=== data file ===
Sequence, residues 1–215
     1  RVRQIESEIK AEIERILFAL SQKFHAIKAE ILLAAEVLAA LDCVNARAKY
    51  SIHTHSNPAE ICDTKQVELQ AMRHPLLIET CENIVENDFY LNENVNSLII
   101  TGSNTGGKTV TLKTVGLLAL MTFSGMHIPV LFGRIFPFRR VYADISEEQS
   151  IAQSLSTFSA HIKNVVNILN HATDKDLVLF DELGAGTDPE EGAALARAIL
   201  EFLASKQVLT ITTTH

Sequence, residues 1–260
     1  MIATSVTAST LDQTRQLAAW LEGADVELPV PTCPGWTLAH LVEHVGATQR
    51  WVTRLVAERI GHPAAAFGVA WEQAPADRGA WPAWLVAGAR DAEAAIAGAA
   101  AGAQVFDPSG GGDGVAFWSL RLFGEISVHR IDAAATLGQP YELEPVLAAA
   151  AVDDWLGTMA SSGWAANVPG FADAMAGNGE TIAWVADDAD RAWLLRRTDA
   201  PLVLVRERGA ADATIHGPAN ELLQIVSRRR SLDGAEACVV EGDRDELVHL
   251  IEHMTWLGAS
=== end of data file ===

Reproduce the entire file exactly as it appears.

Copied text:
Sequence, residues 1–215
     1  RVRQIESEIK AEIERILFAL SQKFHAIKAE ILLAAEVLAA LDCVNARAKY
    51  SIHTHSNPAE ICDTKQVELQ AMRHPLLIET CENIVENDFY LNENVNSLII
   101  TGSNTGGKTV TLKTVGLLAL MTFSGMHIPV LFGRIFPFRR VYADISEEQS
   151  IAQSLSTFSA HIKNVVNILN HATDKDLVLF DELGAGTDPE EGAALARAIL
   201  EFLASKQVLT ITTTH

Sequence, residues 1–260
     1  MIATSVTAST LDQTRQLAAW LEGADVELPV PTCPGWTLAH LVEHVGATQR
    51  WVTRLVAERI GHPAAAFGVA WEQAPADRGA WPAWLVAGAR DAEAAIAGAA
   101  AGAQVFDPSG GGDGVAFWSL RLFGEISVHR IDAAATLGQP YELEPVLAAA
   151  AVDDWLGTMA SSGWAANVPG FADAMAGNGE TIAWVADDAD RAWLLRRTDA
   201  PLVLVRERGA ADATIHGPAN ELLQIVSRRR SLDGAEACVV EGDRDELVHL
   251  IEHMTWLGAS